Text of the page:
1997 Mitsubishi Montero Repair Question
Do I have a short or a bad ground somewhere?
How old is your battery?
Has anyone autopsied any of the failed generators to determine what failed? Are there any major engine oil leaks?
Did you test the charging voltage? Was the harmonic balancer checked?
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I do have a Lil bit of a leak on my valve covers but I went in and tightened them all yesterday.
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A small leak shouldn't be a problem. Depending on the location of the starter and the generator, large leaks can cause oil to run inside them and deteriorate the brushes. They will soften and crumble very quickly. That's where the autopsy is of value. Repeat failure is less then six months is common.
If the battery is more than about two years old, it's "internal resistance" goes up. While it will crank the engine just fine, it loses its ability to dampen and absorb the voltage spikes that some generators produce. Those spikes can destroy the generator's internal diodes and voltage regulator. That has been a really huge issue for GM vehicles since the '88 model year but it can happen on any vehicle that has the voltage regulator built into the generator. To handle the control of the relatively high current for a transistor circuit, they use a "switch-mode" circuit which means the small current feeding the generator to make the magnetic field is turned full-on, then full-off hundreds of times per second. That is exactly how an ignition coil works, and a voltage spike is induced in that coil in the generator just like it's produced in the ignition coil. The difference is one is needed to fire the spark plugs and the other one is destructive. If you have another vehicle that needs a battery, consider putting the one from this vehicle in the other car and buying a new battery for this one.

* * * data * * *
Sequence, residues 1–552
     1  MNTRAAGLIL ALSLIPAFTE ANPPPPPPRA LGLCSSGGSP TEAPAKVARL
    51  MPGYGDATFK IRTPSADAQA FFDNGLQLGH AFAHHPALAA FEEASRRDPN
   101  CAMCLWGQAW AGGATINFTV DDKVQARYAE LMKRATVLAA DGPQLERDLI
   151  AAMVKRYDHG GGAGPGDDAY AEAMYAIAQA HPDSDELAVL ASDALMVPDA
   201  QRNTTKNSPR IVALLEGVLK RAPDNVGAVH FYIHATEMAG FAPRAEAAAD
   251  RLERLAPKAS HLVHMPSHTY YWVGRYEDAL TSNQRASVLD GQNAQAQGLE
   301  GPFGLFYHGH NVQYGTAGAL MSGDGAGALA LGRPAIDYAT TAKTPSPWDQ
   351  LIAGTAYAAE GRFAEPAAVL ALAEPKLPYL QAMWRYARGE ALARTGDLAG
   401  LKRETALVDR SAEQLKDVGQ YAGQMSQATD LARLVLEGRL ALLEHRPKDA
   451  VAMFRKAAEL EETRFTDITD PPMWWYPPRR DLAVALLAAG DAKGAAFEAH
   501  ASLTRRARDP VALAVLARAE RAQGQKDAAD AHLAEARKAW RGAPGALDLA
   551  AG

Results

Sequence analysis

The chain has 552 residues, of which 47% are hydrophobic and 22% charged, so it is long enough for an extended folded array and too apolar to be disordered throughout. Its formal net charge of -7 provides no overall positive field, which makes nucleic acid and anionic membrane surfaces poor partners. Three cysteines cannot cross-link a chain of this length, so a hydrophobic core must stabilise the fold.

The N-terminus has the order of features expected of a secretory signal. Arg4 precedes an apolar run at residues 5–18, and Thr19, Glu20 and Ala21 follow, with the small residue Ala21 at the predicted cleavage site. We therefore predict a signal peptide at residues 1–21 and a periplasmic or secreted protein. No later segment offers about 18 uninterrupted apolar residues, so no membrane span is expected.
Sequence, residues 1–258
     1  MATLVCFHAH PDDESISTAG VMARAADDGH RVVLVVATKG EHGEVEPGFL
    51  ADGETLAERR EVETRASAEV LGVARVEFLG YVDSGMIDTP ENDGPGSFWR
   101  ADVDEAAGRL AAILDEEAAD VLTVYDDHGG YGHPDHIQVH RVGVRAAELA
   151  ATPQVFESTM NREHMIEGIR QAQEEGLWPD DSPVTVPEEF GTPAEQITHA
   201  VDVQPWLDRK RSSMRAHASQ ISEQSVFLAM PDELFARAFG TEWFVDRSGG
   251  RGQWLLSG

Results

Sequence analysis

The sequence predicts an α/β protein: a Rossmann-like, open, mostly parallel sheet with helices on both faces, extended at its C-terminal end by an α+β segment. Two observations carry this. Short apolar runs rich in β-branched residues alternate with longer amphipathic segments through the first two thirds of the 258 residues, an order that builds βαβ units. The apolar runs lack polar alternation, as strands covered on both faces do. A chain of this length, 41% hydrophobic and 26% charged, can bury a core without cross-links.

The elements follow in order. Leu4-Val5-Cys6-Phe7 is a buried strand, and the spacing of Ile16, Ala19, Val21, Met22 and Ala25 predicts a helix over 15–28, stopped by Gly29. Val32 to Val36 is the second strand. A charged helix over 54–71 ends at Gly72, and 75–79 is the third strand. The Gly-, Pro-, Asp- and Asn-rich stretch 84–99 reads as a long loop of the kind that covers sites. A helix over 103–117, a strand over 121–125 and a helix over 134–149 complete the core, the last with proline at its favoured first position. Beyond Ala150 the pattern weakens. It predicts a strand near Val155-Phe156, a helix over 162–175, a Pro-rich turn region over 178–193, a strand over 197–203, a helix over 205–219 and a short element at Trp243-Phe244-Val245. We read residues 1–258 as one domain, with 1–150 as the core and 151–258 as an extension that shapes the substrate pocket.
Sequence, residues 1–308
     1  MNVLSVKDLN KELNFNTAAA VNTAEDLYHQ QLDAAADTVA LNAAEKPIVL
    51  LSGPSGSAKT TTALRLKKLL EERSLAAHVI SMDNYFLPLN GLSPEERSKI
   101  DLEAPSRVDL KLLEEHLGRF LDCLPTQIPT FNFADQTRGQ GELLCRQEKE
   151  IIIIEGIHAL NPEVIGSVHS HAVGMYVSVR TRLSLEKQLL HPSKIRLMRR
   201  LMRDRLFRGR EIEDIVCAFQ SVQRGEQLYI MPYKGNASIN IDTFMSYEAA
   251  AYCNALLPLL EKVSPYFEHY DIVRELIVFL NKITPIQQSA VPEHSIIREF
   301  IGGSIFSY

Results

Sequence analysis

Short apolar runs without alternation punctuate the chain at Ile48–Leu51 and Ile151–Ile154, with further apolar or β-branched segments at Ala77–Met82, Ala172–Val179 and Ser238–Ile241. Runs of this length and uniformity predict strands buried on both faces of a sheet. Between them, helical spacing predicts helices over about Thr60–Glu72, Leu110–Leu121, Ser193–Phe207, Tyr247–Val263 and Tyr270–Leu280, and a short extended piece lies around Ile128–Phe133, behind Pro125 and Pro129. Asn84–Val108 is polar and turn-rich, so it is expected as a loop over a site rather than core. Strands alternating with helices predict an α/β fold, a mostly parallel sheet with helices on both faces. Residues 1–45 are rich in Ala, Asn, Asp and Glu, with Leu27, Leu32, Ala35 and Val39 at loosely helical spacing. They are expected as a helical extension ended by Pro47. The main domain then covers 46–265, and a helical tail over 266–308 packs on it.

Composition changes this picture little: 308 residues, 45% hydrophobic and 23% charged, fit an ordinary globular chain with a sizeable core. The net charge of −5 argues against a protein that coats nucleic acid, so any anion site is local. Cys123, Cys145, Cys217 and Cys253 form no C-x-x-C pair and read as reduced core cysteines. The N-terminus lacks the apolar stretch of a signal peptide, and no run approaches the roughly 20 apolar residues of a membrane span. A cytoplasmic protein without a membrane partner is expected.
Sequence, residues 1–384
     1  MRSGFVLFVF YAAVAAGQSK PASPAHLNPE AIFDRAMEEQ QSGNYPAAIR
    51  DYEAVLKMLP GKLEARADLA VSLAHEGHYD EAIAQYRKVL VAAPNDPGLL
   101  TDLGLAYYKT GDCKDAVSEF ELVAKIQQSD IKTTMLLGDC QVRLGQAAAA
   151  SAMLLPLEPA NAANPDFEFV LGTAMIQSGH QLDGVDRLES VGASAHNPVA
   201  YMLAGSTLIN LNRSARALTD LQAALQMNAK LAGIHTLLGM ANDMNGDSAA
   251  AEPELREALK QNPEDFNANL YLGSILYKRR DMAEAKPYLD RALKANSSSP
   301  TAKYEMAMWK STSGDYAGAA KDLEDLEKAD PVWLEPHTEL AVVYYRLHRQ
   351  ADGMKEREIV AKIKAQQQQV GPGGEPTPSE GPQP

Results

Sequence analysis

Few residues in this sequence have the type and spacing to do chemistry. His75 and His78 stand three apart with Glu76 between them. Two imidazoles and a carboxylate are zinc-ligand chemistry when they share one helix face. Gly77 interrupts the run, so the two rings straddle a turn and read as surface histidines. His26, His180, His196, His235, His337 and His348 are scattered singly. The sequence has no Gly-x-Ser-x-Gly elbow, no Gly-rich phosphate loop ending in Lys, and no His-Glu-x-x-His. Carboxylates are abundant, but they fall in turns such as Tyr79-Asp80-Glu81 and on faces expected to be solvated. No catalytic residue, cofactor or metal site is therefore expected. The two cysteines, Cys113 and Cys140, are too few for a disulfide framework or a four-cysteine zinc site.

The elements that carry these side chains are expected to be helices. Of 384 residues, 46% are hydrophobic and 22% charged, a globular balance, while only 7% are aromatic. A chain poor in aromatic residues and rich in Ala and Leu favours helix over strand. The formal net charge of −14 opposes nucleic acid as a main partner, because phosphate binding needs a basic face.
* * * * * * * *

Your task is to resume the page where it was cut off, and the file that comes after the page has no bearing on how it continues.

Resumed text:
Well I did a few things and then took it up to my friend that owns a shop. He checked the battery and the alternator. The alternator is not charging my battery. My friend recommended I get another alternator. That's fine I can take take off and put another alternator in, in less than an hour. It's just the fact of why every 6 months in having to put a new alternator in. I mean when I turn my headlights in everything else dims down a little, Evan with a new alternator. Ita just starting to eeek me. It's a great car and the only problems I have had is this. Around 6 months this happens. Its just getting old, I wish I could find out why I'm going through an altenator every 6 months
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A bad harmonic damper would reduce the alternator output. If there is a fault with the main wire from the fuse box to the alternator, the altenator would be charging but the charge would not be getting to the batery.
If the new alternators you meant were rebuilts, not surprising to be replacing them every few months. If you have a lot of accessories, it is better to look for a higher output alternator.
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I don't think a higher output unit is the answer. By their nature they can't develop more than their design current. They self regulate in that respect. Even if it's running wide open from lots of accessories, it should be able to handle that. If one diode overheats and shorts you'll lose exactly two thirds of the output capacity but it will still charge a little.
I discounted a slipping outer pulley on the harmonic balancer because each new generator works for six months. I think by now the pulley would have torn loose and fallen off or made noise. Should have been weak power steering too.
Back to my comment about the battery. It is not a problem related to good or bad. It's strictly an age thing. The GM vehicles have a lot of repeat generator failures that can be reduced by replacing the battery when it is as little as two years old. They still work perfectly fine and will not cause a problem in 1986 and older cars with the better generator design.
That wire between the generator and battery is a good suspect too but besides the connection itself, I'm guessing it goes through a bolted-in fuse in the under-hood fuse box. Check that the fuse bolts are tight. Even before you disturb them, with the engine running, measure the voltage on the generator's output terminal, then across the battery terminals. Those two voltages must be the same. If the voltage at the output terminal is significantly higher, there is a break in that circuit and the output current isn't getting back to the battery.